Perceptions of Risk Hurt Bond Market

While tensions with the West appeared to be cooling after the European Union decided not to impose sanctions against Moscow on Monday, Russian companies hoping to attract international lenders are still reeling from the perceived political risk.

Russian firms have already received $10 billion worth of acquisition loans this year, and if political pressures do prompt international investors to shy away from Russian commercial bonds, such firms will either have to pay higher rates or resort to entering an international loan market that is already overextended.

"We have a situation in the global markets that is not great with the credit crunch, plus you have this demand from Russian borrowers," said Eugene Belin, managing director of fixed income at Citibank Russia. "When you see these two things come together, it's not a good coincidence of events."

Russia's risk perception has escalated since the outbreak of the war between Russia and Georgia in August and concerns involving TNK-BP and Mechel. Last month, prices on Russian government bonds saw their biggest drop since the 1998 financial crisis, with some losing as much as 12 percentage points, Kommersant reported.

"Russia-specific risks are somewhat being revived it seems," said Olga Naidenova, an analyst at Alfa Bank.

Credit spreads for Russian companies, including Gazprom, have widened within Augusta lone. Credit spreads on five-year credit-default swaps written against Gazprom went up 0.38 percentage points in the past month to 2.57 percentage points. At this same point last year, this figure was only 1.18 percentage points. If credit spreads on Gazprom and other Russian giants continue to widen, companies may be forced to turn to the international loan market, which has already been overextended among Russian companies this year.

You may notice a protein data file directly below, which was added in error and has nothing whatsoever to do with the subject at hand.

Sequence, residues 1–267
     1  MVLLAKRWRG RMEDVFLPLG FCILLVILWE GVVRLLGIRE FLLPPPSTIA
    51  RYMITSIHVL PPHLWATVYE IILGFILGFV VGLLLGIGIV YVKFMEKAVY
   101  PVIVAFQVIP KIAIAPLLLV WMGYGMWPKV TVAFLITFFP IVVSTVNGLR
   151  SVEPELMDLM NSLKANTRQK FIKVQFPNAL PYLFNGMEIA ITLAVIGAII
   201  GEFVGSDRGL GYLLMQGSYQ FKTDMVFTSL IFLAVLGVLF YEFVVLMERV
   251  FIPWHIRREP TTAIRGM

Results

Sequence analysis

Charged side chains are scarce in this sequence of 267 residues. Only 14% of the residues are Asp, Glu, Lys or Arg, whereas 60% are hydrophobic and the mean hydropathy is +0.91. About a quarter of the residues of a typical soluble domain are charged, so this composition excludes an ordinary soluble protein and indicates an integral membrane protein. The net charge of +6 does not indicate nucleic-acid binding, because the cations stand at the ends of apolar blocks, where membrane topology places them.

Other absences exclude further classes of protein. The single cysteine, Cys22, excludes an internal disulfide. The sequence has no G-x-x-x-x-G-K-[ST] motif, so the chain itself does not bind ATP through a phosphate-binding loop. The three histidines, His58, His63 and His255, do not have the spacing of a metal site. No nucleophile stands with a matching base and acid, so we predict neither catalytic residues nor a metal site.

Russian firms acquired a total of $61 billion in syndicated loans for all of 2007, and $47 billion so far this year.

But Naidenova said this year's loan market was difficult for most companies, regardless of the political risk.

"International lending-market conditions are much more tight," she said. "No matter what happens in Russia, attracting foreign funding at the moment is a very complicated task."

Despite the global credit crunch, loans for Russian companies, including Severstal and LUKoil, are already in place for September. Analysts and investment bankers say similar deals are set to follow, and on Monday, Reuters reported that VimpelCom would soon begin receiving $1 billion in syndicated loans over the course of three years.

Political risk has affected other aspects of the Russian market, such as equity risk premium rates.

UBS estimated the implied equity risk premium at 10 percent in a note last month, while others have put the figure lower. Renaissance Capital placed it closer to 4.5 percent or 5 percent.

"A lot of analysts are scratching their heads to try to figure out why the prices are where they are," said James Fenkner, managing partner at Red Star Asset Management.